Dir: Peter Ho-sun Chan.HK-Ch-Malay. 2005. 108mins.
The seeming Chineseanswer to Moulin Rouge, Perhaps Love is a lavish butinsubstantial musical love story with pan-Asian cinema and music stars Zhou Xun(Suzhou River, The Little Chinese Seamstress) and TakeshiKaneshiro (Chungking Express, House Of Flying Daggers) in theNicole and Ewan roles.
It's an odd mix: arthouse inits three-strand film-within-a-film plot and open ending, much more traditionalin its choreography (by Bollywood supremo Farah Khan) and music, which eschewsoriental models for the full-on Andrew Lloyd-Webber experience.
It is neither as innovativenor as outrageous as Luhrmann's neo-musical: then again, high camp never playswell with Chinese audiences and would also likely run into problems withauthorities.
Perhaps Love should perform strongly in Hong Kong, Taiwan, Koreaand the burgeoning mainland Chinese market - one of its key targets - while thepresence of Kaneshiro will stir interest in Japan.
But outside of theseterritories, the obvious stumbling block of Chinese-language songs - whoselyrics were only poorly rendered in the subtitles of the version that previewedat Venice - will confine the film's audience to specialist and niche slots.
A noirish opening sequence,narrated by a melancholy observer called Montage (Korean star Ji Jin-Hee)plunges us straight into the musical-within-a-musical that gives the temporallyfragmented plot a veneer of present-day cohesion. Hot new heartthrob Lin JiangDong (Kaneshiro) and established diva Sun Na (Zhou Xun) have been paired in anew musical with a 1930s Shanghai circus setting, directed by legendaryfilm-maker Nie Wen (Jacky Cheung).
Lin and Sun knew each other10 years before, in Beijing, when he was a hard-up film student and she was abar singer with a waif-like insouciance that seems modelled on the GiuliettaMasina of Fellini's La Strada. But their platonic love affair is spikedwhen the ambitious Sun leaves Lin for director Nie, who she knows can make herfamous.
The present-day actionswitches back and forth with some elegance between the musical - in which thelove triangle is reproduced, with Nie Wen playing a circusmaster, Sun histrapeze artist lover, and Lin the man from her past - and the behind-the-scenesdrama, in which a still infatuated Lin tries to remind Sun of their affair, andher bar-singer past, which she has cancelled from her official biography andmental hard disk.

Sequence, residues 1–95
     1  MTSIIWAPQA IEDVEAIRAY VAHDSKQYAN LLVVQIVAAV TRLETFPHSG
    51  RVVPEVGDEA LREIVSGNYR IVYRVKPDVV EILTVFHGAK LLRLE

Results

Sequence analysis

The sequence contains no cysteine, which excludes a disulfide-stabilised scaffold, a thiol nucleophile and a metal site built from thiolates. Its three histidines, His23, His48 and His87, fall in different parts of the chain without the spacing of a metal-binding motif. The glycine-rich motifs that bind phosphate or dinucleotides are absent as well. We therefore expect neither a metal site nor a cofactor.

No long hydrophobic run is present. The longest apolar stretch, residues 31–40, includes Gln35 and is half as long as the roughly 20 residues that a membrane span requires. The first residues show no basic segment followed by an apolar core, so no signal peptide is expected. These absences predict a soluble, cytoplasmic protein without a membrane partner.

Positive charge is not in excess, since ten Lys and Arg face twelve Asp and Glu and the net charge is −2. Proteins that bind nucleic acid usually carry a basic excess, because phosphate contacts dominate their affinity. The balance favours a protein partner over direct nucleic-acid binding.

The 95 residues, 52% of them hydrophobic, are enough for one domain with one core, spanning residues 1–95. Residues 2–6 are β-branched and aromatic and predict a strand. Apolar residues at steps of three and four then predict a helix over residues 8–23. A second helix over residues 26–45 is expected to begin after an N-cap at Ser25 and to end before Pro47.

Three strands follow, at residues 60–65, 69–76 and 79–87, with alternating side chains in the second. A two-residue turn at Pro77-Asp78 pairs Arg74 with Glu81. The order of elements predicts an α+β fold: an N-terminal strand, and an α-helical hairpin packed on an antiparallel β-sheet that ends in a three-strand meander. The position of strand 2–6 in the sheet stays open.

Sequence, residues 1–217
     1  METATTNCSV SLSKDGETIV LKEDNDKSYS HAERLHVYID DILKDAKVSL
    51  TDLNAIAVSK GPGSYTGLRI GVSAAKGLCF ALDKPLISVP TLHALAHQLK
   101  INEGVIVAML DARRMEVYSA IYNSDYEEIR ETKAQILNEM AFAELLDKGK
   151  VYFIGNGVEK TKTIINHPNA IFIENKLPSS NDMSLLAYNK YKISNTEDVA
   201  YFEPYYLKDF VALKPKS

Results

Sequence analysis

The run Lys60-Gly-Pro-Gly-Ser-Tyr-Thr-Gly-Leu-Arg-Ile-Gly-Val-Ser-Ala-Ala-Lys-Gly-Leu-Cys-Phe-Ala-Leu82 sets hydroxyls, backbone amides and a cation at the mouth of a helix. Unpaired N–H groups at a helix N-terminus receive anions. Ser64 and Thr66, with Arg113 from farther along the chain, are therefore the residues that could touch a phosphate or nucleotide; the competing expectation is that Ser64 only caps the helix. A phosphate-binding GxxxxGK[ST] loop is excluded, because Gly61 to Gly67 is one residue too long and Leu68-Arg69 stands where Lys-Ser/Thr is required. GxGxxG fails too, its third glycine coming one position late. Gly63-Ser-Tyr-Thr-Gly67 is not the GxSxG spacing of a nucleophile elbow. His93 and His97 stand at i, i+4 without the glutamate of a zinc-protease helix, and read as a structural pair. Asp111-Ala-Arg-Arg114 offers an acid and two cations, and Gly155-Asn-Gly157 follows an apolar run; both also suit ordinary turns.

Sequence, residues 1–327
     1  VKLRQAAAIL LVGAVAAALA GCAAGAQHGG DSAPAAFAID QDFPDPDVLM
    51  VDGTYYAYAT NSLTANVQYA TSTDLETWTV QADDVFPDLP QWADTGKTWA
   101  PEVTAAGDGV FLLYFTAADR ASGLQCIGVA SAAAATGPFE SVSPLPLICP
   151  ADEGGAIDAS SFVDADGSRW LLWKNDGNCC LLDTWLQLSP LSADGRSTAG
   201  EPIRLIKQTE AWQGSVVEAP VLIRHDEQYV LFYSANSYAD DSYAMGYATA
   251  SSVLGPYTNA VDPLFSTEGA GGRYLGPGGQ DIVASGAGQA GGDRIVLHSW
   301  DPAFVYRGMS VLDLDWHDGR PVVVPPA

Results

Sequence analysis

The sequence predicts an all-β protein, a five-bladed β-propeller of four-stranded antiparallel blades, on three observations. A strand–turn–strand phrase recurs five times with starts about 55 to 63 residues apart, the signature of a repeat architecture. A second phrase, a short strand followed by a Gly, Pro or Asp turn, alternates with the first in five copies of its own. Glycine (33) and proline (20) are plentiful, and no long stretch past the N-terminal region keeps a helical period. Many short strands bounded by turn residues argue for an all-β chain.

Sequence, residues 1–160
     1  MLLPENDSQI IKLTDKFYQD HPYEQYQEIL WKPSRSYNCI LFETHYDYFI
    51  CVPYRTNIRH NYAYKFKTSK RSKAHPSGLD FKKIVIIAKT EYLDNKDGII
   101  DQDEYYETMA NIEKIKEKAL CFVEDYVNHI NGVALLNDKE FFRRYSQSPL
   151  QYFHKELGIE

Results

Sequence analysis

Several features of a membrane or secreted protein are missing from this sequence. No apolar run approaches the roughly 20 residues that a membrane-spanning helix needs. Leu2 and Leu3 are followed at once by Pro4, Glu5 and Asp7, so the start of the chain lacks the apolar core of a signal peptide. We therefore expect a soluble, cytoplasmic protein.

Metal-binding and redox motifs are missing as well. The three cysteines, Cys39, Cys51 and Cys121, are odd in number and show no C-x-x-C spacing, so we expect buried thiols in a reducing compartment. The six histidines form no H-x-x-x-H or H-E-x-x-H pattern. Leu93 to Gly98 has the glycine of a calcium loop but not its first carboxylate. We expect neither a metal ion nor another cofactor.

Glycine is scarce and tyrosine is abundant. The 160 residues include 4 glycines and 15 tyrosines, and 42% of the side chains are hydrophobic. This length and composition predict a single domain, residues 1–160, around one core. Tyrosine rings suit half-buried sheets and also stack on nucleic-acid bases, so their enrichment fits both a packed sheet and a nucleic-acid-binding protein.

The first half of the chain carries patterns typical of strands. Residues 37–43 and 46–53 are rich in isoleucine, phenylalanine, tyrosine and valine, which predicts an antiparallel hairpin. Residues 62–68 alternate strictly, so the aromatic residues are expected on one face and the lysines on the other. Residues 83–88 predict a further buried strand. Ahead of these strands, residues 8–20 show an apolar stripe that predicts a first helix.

The third timeline - aflashback to that earlier affair - kicks in when Lin persuades Sun to travel toBeijing with him to refresh her memory (these scenes, set mostly in a disusedwarehouse, are shot by Chris Doyle, while the rest of the lush cinematographyis the work of Oscar-winning Crouching Tiger cinematographee Peter Pau).
The song-and-dance numbersare a grab-bag of references and borrowings, from Busby Berkeley to the UmbrellasOf Cherbourg to Cultural Revolution chic (distilled in the donkey jacketand comrade cap worn by Lin in his embedded musical role); while the finaltrapeze sequence takes us back to 1950s circus movies like The Greatest ShowOn Earth.
But though there isundoubted chemistry in the Zhou Xun-Kaneshiro pairing, Perhaps Lovesuffers from problems with its plotting and the post-modern nature of itsreceding mirrors structure. In coming on all Wong Kar-wai, it pulls the Rodgersand Hammerstein punch of the true, no-holds-barred romantic musical.
Applause Pictures Production
Stellar Megamedia Group
Stellar Mega Film (Beijing)
Shanghai Film Group Corporation
Cina Film Co-production Corporation
Ren Zhong Lun
Peter Ho-sun Chan
Yee Chung Man
Kong Chi Leung